21. millsy says:

    @ John P Reid – not too sure what the police and the army have to do with what I said. And last time I looked, the Atlee government embraced public ownership of electricity, water, railways, etc. Nothing gto do with communism, just standard practice in the West. Even in your beloved USA, a large percentage of power generation, retail and distrbution is still publicly owned. But I guess you support Trump in his efforts to privatize it. If you think that having a bunch of glorified kindergartens are the pinnacle of public sector interventionism, then the bar has been set very low indeed.

  22. Anon says:

    It is so obvious that UK politics has entered a new paradigm.

    With the closing down of the traditional large industries there was bound to be a decline in union membership and support for Labour.

    I’m no fan of the new religion – the JC cult evades me completely – but he does seem to have a set of beliefs (however warped) more than I can say for others whom Rob would list as ideal in his place.

    As far as I’m concerned, Labour are finished; their main support betrayed and replaced, and the party compromised by, one, a return to 70’s state ownership and unilateralism, and two, the New Labour abomination – and everything that entailed (God, I’ve summoned up a middle middle way)

    The one policy that would have guaranteed Labour’s continuation would have been a policy of supporting, educating and training our own people out of poverty – but both wings of the party are for the environmentally unsustainable and community damaging policy of growth and mass immigration.

    But, what do both wings care – as long as the ‘lawyer class’ can pursue their careers and keep the plebs happy on the soma of benefits whilst nurturing the votes of the incoming hordes – a section of whom represent all that Labour claims to be against.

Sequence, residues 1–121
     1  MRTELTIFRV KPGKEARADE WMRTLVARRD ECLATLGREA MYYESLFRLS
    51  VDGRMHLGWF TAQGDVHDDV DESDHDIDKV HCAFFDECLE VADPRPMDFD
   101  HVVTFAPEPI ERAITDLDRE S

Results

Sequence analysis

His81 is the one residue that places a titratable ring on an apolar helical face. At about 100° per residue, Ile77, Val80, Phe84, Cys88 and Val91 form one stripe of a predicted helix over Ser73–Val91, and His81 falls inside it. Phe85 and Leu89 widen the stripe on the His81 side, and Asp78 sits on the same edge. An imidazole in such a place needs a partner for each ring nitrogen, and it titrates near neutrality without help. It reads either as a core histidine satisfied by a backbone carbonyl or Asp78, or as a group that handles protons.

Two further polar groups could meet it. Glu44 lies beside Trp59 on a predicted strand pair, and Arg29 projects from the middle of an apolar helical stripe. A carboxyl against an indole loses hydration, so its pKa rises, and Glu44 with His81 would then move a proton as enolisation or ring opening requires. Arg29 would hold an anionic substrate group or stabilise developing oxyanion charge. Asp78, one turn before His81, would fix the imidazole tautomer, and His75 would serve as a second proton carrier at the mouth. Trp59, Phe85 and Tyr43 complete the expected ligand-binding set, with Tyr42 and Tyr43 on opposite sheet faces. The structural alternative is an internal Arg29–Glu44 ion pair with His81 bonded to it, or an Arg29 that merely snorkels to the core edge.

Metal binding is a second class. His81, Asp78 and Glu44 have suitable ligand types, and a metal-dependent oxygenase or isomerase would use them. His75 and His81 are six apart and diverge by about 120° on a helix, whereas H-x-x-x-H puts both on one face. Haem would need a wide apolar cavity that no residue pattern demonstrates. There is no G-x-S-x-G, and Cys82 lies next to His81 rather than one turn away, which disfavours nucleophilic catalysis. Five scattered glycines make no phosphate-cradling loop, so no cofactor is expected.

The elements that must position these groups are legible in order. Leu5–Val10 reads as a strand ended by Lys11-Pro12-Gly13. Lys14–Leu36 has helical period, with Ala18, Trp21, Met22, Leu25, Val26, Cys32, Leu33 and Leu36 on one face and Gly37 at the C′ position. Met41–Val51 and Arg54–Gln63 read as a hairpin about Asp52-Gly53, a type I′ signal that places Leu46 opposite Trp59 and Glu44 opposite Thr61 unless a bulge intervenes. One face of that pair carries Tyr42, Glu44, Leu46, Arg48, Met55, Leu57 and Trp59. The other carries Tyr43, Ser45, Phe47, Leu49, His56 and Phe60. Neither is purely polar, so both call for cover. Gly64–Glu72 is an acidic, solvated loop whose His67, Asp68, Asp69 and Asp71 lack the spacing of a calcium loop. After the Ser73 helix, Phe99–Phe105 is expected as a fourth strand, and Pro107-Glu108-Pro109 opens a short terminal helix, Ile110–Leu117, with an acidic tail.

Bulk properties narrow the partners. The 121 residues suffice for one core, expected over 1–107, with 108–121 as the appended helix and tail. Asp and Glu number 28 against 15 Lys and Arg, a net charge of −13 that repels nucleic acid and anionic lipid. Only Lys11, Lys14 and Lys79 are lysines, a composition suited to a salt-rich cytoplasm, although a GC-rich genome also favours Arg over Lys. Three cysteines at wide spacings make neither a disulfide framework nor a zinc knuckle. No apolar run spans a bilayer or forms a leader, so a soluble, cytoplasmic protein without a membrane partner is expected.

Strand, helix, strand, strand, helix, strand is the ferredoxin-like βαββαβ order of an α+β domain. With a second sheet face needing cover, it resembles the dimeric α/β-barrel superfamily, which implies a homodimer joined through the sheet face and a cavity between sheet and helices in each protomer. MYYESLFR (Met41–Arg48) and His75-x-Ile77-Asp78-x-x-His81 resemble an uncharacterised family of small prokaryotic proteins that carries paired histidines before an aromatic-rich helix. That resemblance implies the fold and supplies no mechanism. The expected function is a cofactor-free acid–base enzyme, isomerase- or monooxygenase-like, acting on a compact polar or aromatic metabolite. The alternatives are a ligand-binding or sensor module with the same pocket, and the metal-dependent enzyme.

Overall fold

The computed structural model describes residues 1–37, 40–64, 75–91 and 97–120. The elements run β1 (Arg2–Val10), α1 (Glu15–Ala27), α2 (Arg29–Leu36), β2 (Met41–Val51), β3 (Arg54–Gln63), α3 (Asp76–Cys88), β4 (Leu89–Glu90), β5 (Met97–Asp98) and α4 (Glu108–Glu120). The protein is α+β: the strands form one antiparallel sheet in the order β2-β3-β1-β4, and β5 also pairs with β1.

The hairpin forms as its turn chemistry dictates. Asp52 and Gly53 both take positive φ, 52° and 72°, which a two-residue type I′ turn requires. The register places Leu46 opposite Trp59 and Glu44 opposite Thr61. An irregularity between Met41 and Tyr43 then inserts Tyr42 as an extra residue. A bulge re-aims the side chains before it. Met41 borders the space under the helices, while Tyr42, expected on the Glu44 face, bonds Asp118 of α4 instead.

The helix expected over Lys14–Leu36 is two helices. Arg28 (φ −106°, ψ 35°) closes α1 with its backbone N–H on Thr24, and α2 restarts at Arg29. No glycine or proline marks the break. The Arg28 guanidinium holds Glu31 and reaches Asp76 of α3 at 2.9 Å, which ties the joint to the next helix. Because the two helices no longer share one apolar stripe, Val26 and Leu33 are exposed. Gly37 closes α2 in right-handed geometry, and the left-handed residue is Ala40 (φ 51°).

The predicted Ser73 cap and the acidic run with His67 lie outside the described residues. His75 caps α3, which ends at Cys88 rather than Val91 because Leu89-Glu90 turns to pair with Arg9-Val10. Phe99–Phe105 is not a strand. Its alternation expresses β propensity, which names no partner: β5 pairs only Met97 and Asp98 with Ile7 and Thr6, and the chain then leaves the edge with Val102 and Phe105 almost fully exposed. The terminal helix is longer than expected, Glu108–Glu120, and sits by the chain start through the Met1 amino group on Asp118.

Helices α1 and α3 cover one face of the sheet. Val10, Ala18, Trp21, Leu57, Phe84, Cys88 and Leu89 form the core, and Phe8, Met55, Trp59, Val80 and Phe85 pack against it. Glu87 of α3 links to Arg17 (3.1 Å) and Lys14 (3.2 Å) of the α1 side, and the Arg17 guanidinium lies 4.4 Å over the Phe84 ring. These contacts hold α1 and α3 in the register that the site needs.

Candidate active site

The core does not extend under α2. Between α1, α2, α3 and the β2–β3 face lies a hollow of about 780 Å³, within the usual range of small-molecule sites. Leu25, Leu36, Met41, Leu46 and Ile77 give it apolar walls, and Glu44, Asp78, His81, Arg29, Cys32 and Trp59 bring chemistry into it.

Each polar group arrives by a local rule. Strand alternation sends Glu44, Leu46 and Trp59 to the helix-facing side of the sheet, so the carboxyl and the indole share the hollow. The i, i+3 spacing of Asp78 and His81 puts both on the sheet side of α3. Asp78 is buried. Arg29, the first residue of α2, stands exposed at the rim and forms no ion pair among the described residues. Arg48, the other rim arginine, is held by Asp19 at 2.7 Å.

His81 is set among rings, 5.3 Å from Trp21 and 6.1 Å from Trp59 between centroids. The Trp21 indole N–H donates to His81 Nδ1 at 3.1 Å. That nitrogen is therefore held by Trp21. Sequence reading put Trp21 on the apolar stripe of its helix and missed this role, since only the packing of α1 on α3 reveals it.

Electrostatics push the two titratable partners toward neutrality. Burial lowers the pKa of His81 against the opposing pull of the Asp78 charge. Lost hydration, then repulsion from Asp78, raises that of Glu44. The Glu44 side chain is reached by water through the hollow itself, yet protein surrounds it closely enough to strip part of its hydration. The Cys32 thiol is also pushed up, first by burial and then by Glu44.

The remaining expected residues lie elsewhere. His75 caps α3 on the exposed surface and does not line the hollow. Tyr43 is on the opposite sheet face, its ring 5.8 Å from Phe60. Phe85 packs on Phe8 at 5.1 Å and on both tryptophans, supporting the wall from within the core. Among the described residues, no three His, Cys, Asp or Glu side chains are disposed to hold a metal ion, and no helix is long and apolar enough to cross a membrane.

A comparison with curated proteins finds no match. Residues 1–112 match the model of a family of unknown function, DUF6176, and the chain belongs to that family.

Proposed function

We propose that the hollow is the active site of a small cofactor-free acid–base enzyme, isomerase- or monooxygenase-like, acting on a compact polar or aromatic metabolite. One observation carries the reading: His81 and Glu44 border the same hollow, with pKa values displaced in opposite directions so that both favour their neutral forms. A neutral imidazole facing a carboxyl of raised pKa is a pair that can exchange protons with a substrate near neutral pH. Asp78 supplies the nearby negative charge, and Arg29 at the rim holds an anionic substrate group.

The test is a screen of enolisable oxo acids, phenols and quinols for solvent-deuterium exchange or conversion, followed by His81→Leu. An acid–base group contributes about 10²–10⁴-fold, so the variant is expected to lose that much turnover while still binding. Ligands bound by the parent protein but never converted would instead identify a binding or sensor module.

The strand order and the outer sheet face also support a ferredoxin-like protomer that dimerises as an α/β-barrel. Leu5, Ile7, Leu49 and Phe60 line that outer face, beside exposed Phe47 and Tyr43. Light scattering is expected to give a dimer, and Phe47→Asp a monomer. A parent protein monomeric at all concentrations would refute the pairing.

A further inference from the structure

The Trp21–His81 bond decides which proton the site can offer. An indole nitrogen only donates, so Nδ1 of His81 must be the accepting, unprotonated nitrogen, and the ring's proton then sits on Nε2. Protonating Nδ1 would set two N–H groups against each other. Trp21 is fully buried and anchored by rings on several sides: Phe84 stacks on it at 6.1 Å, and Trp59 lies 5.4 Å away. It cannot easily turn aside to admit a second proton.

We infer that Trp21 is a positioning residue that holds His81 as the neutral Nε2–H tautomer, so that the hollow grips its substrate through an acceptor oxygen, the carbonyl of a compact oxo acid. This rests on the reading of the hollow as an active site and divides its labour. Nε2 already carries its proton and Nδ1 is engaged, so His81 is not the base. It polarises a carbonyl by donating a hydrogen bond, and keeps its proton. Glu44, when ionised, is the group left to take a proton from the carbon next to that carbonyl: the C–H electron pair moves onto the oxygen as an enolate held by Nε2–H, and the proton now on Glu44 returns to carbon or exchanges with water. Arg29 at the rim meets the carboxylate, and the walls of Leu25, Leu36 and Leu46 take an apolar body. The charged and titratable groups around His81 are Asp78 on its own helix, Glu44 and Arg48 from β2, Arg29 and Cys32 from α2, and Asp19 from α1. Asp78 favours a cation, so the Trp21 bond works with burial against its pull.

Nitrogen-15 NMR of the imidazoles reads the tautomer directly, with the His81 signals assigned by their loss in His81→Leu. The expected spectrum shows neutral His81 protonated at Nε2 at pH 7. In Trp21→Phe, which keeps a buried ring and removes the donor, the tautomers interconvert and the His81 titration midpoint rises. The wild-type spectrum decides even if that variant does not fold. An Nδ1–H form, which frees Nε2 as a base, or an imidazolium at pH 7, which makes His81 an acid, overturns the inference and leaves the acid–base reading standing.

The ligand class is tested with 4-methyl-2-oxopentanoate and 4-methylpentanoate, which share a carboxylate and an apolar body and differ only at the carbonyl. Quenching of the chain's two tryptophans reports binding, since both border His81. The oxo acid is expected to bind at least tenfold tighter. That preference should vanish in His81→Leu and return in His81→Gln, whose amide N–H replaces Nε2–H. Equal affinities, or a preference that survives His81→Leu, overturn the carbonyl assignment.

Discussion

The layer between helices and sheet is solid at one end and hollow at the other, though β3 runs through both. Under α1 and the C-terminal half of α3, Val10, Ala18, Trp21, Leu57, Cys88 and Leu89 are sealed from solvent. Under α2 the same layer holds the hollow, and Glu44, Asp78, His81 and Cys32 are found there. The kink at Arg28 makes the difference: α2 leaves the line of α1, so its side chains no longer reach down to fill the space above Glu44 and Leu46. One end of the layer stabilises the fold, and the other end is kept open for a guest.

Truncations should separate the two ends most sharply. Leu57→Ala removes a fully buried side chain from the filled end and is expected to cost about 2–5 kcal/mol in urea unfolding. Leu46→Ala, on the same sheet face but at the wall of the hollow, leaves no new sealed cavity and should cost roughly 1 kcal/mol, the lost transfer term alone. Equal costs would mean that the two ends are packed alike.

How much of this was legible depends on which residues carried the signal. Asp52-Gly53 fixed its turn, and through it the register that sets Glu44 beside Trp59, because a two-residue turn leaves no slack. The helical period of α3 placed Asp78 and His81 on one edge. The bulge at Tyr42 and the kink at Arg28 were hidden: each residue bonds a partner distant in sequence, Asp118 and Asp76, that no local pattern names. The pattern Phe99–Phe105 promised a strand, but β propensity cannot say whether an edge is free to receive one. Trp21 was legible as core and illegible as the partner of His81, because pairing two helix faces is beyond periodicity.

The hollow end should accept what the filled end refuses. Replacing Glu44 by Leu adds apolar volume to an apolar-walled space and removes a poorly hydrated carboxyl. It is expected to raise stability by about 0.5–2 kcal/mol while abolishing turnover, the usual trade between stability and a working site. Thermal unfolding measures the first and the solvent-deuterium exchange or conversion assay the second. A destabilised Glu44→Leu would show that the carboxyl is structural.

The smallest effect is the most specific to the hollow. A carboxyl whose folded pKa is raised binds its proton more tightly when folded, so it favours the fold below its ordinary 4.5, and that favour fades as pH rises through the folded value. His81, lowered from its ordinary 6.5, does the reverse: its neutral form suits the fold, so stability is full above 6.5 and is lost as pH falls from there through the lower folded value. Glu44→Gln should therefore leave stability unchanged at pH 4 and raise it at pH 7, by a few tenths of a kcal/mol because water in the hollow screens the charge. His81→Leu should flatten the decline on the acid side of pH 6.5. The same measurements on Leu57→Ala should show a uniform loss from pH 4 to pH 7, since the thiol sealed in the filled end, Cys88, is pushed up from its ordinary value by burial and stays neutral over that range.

This “lawyer class” – pro-EU and for the ‘progressive’, ‘post democratic’ New World Order that they yearn for – really do need to form a new political party, and give the UK working class a chance to find some ground to fight on. Rob’s heroes have exploited and leeched off the working class for long enough; it would be the decent thing to do – but then, when has decency had anything to do with politics.

    I’m also a little confused by Rob’s moral compass – concerned about these being the “most unstable times in decades”, he seems to omit the part his gallant New Labour heroes played in this instability.

    I suppose, for all his faults, that Corbyn won’t be whipping up any wars.

  23. paul barker says:

    Terms like Hard & Soft Left obscure the reality of the changes in Labour, we are not looking at a continuous spectrum of belief but a sharp division between people & organisations from The Leninist tradition & everyone else. Leninists dont accept defeat, if the current Leadership lose popular support in The Party they will find other means to stay in control. Corbyn is obviously time-limited as Leader but he will be replaced by someone from the same tradition.
    We are already seeing people from the Labour “Right” & “Soft Left” drifting away & being squeezed out, marginalised. MPs can be replaced over time. The old Labour Party (1900-2015) is gone & wont be coming back. Anyone who stays in Labour to fight Momentum is actually helping them in the long run.

  24. John P Reid says:

    Millsy The reason the Attlee govt had to nationalize stuff was it was destroyed after the war, the USA aren’t my beloved anything.
    Re , the police you said labours values were to be in a union, I just pointed out labour never let the police or army have a union

  25. Vern says:

    Well, another week passes by and surely even the most hardened Corbyn fans are throwing away the silly Corbyn t-shirts. The pen and mug Christmas gift sets are on their way to the charity shops. And people are inventing ever more ludicrous apologies as to why they voted him in and allowed theirselves to e hoodwinked by a kinder and fairer type of politics. He has put the party back at least another decade with the antics of last week and we need to have a credible opposition for the good of all of us! Trouble is, I think there is way more to come on this too. Deletes their own social media unlesd

  26. Vern says:

    Deleting your own social media suggests there are many more skeletons and understandably the press will be all over it…again! And the party and it’s voters once again embarrassed. I wake up wondering what cock up could possibly come next. He needs to be forced out, Momentum consigned to room 101 and Owen Jones allowed to complete his teenage years!
    Very cross with it all – rant over!
    And breathe.

  27. Mike Homfray says:

    And who is going to throw him out, Vern? The members who voted for him, twice?
    Don’t think so!
    Given that you largely agree with the Tories, thats who you should vote for.